Grand Junction at St Mary Magdalene’s

  • © Anthony Coleman
  • © Anthony Coleman
  • © Anthony Coleman
  • © Anthony Coleman
  • © Anthony Coleman
  • © Anthony Coleman
  • © Anthony Coleman
  • © Anthony Coleman
  • © Anthony Coleman
  • © Anthony Coleman
  • © Anthony Coleman
  • © Anthony Coleman
  • © Anthony Coleman
  • © Anthony Coleman
  • © Anthony Coleman

Application Type

Civic Trust Awards

Level of Award

Highly Commended

Region

Greater London

Local Authority Area

Westminster

Information about this scheme

This project provides access – both physical and cultural – to an under-used Grade I listed church on the Heritage at Risk register.

The project makes use of a Dicocesan Pastural Measure of 2008 which allows churches to lease parts of the building but remain consecrated. The two clients have joined together to make an arts and community centre, opening the building up to the community for wider uses. Along with extensive restoration of the church, the new building contains a café and education room as well as WCs and staff offices, and brings access to the fully refurbished undercroft.

The local community has been at the heart of this project that brings new use to an under-used Grade I listed church in a deprived London ward. The new building in a constricted site between the church and the neighbouring school, is a heritage centre which connects the church, the school, the canalside park and the street, across a significant change in level.

Designed as a new ‘gateway’ into the church, it engages with the listed church, making its internal decorative character visible on the outside with walls made of metallic glazed terracotta.

The restored church involved cleaning and revealing the extraordinary decorative scheme, including the painted ceiling by Daniel Bell, and for the first time the undercroft can be publicly used, with new mechanical and electrical services and new level access to it.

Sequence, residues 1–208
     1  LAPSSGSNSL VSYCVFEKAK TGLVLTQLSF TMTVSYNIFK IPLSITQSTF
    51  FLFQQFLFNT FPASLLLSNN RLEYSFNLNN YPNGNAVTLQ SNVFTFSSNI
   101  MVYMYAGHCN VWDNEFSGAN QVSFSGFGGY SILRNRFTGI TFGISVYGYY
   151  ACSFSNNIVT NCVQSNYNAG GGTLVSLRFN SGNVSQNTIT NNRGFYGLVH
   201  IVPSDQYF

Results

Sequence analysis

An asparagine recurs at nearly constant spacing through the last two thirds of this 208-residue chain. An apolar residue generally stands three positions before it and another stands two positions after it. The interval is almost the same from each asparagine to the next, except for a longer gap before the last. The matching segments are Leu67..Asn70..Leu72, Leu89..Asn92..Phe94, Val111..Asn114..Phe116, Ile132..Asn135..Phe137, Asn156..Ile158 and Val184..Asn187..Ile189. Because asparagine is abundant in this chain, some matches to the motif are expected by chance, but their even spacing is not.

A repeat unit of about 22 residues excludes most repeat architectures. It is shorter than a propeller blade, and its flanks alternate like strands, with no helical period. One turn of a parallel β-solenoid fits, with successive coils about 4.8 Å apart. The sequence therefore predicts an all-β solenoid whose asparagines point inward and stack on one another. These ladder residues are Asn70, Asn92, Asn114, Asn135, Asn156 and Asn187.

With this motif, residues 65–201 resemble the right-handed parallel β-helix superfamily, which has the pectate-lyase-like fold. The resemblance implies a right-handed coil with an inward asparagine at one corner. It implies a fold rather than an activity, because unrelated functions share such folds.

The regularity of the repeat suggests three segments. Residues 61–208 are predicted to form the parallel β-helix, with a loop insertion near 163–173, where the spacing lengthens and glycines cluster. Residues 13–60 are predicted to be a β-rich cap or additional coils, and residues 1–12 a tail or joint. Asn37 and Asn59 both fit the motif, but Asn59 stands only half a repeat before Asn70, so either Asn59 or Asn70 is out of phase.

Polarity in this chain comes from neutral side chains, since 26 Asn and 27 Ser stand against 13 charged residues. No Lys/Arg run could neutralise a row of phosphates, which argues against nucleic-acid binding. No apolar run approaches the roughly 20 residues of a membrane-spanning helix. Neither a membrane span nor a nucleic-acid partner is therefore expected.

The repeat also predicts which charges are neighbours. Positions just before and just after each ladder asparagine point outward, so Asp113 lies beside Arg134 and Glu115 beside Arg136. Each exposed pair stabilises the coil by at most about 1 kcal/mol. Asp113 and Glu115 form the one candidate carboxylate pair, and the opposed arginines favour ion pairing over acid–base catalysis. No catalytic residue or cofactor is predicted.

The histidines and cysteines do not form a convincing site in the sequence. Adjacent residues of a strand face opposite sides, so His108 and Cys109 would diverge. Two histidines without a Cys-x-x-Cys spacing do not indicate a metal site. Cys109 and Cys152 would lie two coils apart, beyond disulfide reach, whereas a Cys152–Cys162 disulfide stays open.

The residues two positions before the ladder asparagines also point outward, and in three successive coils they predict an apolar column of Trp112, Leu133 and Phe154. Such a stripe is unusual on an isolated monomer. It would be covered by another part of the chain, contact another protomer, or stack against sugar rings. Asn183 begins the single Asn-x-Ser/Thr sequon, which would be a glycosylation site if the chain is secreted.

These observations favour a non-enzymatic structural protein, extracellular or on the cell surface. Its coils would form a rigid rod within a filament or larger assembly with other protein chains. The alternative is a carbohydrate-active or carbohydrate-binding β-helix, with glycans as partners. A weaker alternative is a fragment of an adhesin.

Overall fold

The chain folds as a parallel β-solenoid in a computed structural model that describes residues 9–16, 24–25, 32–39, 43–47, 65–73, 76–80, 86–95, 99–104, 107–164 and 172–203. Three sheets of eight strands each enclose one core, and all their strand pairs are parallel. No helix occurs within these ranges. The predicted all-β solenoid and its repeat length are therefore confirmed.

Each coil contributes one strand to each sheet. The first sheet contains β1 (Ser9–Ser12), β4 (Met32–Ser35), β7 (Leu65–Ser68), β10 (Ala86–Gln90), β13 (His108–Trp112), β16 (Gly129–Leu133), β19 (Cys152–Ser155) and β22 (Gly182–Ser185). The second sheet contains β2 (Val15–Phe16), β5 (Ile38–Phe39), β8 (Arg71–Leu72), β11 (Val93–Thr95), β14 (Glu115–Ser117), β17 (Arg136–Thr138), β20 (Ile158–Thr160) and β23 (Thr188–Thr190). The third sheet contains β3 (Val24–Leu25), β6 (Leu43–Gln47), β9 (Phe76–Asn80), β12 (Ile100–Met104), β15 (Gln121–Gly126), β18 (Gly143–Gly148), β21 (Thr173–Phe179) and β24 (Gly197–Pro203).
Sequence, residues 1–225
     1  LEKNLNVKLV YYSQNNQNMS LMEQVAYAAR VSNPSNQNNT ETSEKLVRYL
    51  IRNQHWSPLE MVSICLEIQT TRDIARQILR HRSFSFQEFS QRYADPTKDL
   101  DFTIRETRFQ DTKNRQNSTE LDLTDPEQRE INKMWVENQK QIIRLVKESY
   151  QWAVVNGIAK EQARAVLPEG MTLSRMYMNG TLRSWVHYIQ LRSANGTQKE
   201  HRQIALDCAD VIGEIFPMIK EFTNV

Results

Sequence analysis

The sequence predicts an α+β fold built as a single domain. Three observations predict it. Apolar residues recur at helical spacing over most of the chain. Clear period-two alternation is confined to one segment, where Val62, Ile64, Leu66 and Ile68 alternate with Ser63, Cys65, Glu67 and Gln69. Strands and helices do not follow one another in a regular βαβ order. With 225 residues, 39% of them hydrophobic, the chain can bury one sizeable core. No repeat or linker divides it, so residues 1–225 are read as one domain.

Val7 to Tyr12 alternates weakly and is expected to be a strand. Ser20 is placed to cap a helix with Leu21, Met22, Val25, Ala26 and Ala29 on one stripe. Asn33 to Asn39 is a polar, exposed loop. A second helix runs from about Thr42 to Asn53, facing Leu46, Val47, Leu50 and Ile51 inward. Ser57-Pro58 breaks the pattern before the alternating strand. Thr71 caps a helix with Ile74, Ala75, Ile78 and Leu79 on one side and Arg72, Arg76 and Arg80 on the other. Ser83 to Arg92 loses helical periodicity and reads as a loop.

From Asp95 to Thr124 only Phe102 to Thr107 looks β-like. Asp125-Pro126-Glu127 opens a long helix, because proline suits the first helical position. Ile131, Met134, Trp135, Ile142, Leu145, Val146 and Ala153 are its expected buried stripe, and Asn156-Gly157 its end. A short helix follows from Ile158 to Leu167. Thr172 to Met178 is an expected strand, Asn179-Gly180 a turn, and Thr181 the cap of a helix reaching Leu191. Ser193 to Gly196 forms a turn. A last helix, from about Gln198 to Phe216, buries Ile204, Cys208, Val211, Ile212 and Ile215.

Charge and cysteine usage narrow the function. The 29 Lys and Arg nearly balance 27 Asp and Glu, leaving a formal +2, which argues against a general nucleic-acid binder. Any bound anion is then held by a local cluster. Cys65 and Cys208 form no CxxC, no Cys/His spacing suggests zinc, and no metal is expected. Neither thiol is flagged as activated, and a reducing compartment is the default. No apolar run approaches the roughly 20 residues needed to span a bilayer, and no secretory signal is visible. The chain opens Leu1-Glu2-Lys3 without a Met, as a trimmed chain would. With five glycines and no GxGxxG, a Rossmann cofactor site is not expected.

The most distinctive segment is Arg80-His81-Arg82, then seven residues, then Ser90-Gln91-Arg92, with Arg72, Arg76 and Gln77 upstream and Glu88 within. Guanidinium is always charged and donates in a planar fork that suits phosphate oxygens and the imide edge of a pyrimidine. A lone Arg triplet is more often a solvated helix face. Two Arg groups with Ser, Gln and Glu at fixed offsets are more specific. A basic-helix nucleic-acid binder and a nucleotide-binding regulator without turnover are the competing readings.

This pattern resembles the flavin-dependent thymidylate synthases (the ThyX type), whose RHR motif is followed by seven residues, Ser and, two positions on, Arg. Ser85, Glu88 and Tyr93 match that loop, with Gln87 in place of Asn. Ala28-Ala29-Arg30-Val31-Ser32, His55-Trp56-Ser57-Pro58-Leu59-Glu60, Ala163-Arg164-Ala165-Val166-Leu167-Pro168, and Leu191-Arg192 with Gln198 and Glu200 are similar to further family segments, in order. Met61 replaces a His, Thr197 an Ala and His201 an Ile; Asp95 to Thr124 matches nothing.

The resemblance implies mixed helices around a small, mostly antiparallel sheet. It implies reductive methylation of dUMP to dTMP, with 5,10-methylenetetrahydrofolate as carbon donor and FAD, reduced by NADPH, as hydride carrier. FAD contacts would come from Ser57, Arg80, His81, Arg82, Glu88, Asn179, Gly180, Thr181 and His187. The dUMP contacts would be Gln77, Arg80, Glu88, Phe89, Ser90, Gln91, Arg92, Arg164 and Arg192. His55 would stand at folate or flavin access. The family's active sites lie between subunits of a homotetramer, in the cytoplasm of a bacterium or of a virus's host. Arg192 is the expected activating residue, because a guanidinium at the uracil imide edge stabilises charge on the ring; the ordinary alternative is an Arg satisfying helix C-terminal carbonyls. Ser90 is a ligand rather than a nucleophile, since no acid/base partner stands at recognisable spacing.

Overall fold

The canalside park which the building overlooks has suffered from anti-social behaviour for generations, and is one of the reasons that the church was so often closed, with its door on the north side bricked up for over forty years. The project has re-opened this entrance, and the Grand Junction café and the education room upstairs now provide a busy and active public frontage to the park, with new external lighting, planting and a terrace, so that the new life of the building is spreading outside. Through extensive engagement with the local community, the project has worked hard to re-imagine and re-connect the listed building to its context.

The church now runs an extensive programme of community events and gatherings making the heritage asset accessible once more for generations to come.

Credits

Architect

Dow Jones Architects

Client

Paddington Development Trust

Conservation Architect

Caroe Architecture

Main Contractor

Lengard

Project Manager

Gardiner & Theobald

Quantity Surveyor

William G Dick

Services Engineer

Max Fordham

Structural Engineer

Momentum

Primary Use Class

Class D2 - Assembly and Leisure